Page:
How Dan Aykroyd's Original 'Ghostbusters' Idea Became The Movie We Love [Video Essay]

This weekend brings Paul Feig's reboot of Ghostbusters to theaters. Even though the reboot doesn't really measure up to the high profile of the original, it does offer something exciting for a different demographic and a new batch of young people. While the movie is undoubtedly entertaining, it does have ample shortcomings, specifically in the story department, and that's something that the original had perfected.

Like any good screenplay, the high quality of the final draft of the original Ghostbusters was a result of careful planning, rewriting and simply compelling storytelling. A new video essay takes a look at how the original concept for Ghostbusters changed from the idea Dan Aykroyd had in his head to the movie we ended up seeing in 1984 and have loved ever since. Check out the Ghostbusters screenplay video essay after the jump.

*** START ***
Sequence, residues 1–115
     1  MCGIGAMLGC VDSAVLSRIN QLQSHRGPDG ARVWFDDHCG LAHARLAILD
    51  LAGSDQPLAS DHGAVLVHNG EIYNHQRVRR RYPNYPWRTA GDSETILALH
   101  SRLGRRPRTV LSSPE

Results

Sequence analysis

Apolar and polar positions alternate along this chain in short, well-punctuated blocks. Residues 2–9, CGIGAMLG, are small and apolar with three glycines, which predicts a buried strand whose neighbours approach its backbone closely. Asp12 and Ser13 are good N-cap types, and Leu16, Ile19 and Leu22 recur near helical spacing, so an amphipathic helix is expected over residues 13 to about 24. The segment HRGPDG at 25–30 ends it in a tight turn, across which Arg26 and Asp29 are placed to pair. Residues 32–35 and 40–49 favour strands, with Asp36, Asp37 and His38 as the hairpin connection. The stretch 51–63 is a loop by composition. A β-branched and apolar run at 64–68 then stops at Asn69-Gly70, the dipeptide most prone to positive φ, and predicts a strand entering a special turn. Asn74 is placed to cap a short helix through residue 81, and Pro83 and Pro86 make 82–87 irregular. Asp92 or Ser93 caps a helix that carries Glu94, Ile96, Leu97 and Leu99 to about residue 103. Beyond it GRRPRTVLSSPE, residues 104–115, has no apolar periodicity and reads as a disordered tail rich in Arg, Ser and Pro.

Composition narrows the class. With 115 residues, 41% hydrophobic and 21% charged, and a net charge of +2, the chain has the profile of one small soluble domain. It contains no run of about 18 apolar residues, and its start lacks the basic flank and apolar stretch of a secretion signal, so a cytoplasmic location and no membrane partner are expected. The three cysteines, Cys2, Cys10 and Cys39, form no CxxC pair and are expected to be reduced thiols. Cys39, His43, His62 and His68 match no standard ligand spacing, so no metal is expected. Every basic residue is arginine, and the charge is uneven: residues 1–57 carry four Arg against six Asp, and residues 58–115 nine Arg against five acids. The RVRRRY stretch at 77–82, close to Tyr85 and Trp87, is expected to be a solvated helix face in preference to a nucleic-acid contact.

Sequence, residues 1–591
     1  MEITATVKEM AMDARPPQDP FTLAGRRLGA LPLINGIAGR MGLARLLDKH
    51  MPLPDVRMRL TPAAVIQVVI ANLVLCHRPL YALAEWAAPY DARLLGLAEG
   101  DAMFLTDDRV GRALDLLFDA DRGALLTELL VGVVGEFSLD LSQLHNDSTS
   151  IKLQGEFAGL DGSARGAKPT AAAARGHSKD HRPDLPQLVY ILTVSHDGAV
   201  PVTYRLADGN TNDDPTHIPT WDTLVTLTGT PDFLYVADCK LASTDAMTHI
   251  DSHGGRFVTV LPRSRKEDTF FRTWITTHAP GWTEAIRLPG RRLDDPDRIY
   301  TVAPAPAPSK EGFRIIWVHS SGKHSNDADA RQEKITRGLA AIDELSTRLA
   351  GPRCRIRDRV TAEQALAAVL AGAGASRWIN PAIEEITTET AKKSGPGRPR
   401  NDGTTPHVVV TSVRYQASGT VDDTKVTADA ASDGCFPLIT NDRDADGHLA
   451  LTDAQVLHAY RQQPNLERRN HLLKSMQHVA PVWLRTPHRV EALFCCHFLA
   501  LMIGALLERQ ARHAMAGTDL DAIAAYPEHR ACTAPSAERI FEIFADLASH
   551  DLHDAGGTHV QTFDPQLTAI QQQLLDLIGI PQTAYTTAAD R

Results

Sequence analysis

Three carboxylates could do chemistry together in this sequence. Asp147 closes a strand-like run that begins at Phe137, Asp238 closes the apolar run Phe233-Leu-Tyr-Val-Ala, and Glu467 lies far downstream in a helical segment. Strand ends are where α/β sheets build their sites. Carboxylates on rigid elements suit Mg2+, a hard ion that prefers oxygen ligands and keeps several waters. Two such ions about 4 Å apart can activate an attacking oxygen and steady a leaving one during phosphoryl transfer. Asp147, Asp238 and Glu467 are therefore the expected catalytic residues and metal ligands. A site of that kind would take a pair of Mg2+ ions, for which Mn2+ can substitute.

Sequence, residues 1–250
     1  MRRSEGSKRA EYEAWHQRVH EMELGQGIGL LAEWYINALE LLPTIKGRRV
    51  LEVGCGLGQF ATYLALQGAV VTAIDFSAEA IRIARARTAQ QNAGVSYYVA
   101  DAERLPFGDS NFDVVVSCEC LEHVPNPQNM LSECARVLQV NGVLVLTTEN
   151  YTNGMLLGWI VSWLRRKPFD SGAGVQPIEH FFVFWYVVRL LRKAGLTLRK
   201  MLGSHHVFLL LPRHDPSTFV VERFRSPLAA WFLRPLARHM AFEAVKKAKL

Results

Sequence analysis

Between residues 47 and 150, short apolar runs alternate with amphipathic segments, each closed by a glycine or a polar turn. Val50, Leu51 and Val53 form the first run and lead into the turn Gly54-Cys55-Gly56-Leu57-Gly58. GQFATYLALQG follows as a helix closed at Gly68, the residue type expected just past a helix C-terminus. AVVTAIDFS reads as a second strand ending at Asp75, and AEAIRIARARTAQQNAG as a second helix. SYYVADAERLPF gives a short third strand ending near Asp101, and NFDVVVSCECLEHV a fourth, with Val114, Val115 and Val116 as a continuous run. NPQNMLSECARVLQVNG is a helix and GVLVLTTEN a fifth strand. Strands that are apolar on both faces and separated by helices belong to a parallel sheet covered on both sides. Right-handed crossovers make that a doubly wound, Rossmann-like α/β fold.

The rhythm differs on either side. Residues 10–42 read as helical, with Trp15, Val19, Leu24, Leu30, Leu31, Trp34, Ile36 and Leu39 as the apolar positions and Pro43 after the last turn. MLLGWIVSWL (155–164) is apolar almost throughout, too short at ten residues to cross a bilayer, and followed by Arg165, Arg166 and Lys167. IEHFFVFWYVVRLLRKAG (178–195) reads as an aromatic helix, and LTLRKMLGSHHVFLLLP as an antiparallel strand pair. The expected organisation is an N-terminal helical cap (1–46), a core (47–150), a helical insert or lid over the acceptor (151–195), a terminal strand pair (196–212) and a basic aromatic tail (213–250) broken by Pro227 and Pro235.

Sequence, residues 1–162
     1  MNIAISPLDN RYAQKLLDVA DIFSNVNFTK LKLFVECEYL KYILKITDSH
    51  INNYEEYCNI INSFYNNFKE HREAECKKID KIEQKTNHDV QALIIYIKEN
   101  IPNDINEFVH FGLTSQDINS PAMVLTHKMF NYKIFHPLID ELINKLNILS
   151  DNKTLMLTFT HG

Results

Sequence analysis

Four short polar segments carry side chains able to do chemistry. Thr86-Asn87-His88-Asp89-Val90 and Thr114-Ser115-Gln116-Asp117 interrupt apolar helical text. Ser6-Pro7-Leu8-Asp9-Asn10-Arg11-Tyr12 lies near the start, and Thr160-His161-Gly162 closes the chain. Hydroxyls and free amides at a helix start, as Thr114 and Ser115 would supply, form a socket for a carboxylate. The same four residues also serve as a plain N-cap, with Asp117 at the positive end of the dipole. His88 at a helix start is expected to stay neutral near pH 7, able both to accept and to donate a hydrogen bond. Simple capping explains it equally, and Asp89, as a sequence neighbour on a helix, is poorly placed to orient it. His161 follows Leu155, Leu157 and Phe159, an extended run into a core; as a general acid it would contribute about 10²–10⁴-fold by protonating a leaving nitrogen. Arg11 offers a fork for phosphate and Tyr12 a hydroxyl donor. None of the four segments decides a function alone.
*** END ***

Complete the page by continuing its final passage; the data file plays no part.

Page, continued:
Here's "How Ghostbusters Became Ghostbusters" from Lessons from the Screenplay:

By focusing on the premise and designing principle of Ghostbusters, we see how the movie we know began to take shape. While the original Ghostbusters idea was set in the future and featured interplanetary and interdimensional action, director Ivan Reitman saw it more character based, focusing on a group of guys who go into a very unusual business.

This is a creative decision that allowed for much more character based writing, which is one of the strongest aspects of the Ghostbusters screenplay, and something that helps the audience accept the surreal nature of the paranormal story. There are traces of this kind of writing in the first half of Paul Feig's new Ghostbusters, but it's put by the wayside for generic blockbuster action in the second half, and the film essentially loses itself.